EAST PROVIDENCE — The sticky situation of attempting to eliminate split academic teams at the middle school level in the city was addressed to a point Tuesday night, April 8, during the most recent East Providence School Committee meeting held in the City Hall Chamber.
Superintendent Kim Mercer and Assistant Superintendent Julie Motta presented the Committee with their plan on how to dispense with the split team structure over a two-year period.
Mrs. Mercer and Mrs. Motta each explained to the members and those in attendance there remained a need to keep split teams intact for the time being so as to allow out-of-district students from the center of the city currently attending Riverside Middle School to remain there through the completion of eighth grade.
The administrators said aside from seeking a substantial increase in the budget, which would potentially mean temporarily hiring a number of teachers, or uprooting the students from Riverside and send them to Martin, which is their school of origin, split teams must be kept in place until their redistricting plan takes full effect.
No reductions in staff are anticipated by maintaining the split teams set-up at Riverside, nor will department coordinators see the number of classes they currently teach (four) increase.
As a point of explanation, “teams” are made up of Science, Math, Social Studies and English teachers and a resource teacher of some kind who instruct the same pupils at the same grade level. “Split” teams have teachers dividing their instruction of students between the three grades at the school.
“No one thinks split teams are a good idea,” Mrs. Mercer said.
Eventually, after a lengthy talk on the topic, including the input of parents and teachers, the Committee voted to table any vote on implementing the plan of the administrators until its next meeting Monday night, April 14, at City Hall. The Committee tasked Mrs. Mercer with coming up with an approximated cost of ridding split teams immediately.
During the last round of redistricting, students who attended Kent Heights and Silver Spring elementary schools that should have next gone to Martin were directed towards Riverside instead. That was done in part to level the enrollment numbers at both middle schools.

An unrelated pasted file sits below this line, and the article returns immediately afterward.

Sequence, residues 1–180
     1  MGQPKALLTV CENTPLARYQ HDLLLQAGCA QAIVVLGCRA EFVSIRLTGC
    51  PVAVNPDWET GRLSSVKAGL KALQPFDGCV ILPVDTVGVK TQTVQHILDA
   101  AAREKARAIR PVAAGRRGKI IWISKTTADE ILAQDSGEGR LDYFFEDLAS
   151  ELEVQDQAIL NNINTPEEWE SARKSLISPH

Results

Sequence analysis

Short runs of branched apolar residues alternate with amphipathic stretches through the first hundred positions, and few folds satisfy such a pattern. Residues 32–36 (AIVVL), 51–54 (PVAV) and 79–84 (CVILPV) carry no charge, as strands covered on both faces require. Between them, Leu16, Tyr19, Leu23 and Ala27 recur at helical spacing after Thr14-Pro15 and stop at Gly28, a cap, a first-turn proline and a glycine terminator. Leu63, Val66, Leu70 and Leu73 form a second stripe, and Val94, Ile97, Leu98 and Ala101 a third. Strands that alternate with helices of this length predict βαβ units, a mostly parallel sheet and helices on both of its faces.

With the start of school in the fall, the average class sizes at Riverside are expected to be as follows: sixth grade 26, seventh grade 23 and eighth grade 28. At Martin, those same numbers are 24, 23 and 20.
The eighth grade numbers, specifically, appear to be causing consternation with some teachers and parents who believe Riverside students may be short-changed in the classroom as their instructors are overextended.
Mrs. Mercer and Mrs. Motta countered by claiming population numbers show the burden will switch to Martin in short order, where about 115 more students are anticipated to enroll there as opposed to Riverside in the latter part of the decade.
In voicing his opposition to the proposal, Ward 2 committee member Tony Ferreira said he believed the plan was an attempt to limit the education of students because of budgetary concerns and that if it takes more money for the administrators to come up with an improved proposal then the committee should “push” the City Council for those added dollars.
At-Large member and Committee Chairman Joel Monteiro noted the School Committee doesn’t have the luxury of waiting for the Council and the city’s fiscal year budget process, which doesn’t begin and end until October or November, to be completed before implementing the plan. He continued, saying the Committee shouldn’t “kick the can” on making hard choices like past incarnations of the group have done.
Mr. Monteiro added he was “all in favor of getting more information” on the topic, “but that we as a city, as a committee and the City Council are going to have to continue to make some difficult decisions” on such matters in the future.
More meeting notes
Among other items, the School Committee and administration recognized members of the East Providence High School Division III championship hockey team and EPHS students who recently earned awards from the DECA (Distributive Education Clubs of America) organization.
The Committee unanimously passed a proposal increasing the the daily cost of lunch at the schools from its current $2.45 to $2.50 for elementary students and $2.70 to $2.75 for secondary students beginning with the start of the 2014-15 term. The increase is necessary to help the district meet healthy eating standards set by the federal government.
Also, the Committee tabled to other measures, one pertaining to revision to the school department’s policies package and the other in regard to a potential name change for the recently renovated EPHS gym and athletic court.